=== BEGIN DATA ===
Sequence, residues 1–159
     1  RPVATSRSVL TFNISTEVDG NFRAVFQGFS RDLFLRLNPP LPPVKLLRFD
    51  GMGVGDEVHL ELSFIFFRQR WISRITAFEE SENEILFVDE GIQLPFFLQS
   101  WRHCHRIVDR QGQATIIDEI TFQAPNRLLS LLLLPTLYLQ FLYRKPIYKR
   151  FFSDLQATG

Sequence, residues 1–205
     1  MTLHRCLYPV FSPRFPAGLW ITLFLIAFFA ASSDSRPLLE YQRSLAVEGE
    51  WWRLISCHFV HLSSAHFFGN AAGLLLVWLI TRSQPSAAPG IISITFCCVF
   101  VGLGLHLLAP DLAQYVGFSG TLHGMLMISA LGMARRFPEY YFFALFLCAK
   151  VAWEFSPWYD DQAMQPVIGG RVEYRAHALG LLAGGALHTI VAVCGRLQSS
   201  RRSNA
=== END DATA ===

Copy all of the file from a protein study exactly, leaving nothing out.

Sequence, residues 1–159
     1  RPVATSRSVL TFNISTEVDG NFRAVFQGFS RDLFLRLNPP LPPVKLLRFD
    51  GMGVGDEVHL ELSFIFFRQR WISRITAFEE SENEILFVDE GIQLPFFLQS
   101  WRHCHRIVDR QGQATIIDEI TFQAPNRLLS LLLLPTLYLQ FLYRKPIYKR
   151  FFSDLQATG

Sequence, residues 1–205
     1  MTLHRCLYPV FSPRFPAGLW ITLFLIAFFA ASSDSRPLLE YQRSLAVEGE
    51  WWRLISCHFV HLSSAHFFGN AAGLLLVWLI TRSQPSAAPG IISITFCCVF
   101  VGLGLHLLAP DLAQYVGFSG TLHGMLMISA LGMARRFPEY YFFALFLCAK
   151  VAWEFSPWYD DQAMQPVIGG RVEYRAHALG LLAGGALHTI VAVCGRLQSS
   201  RRSNA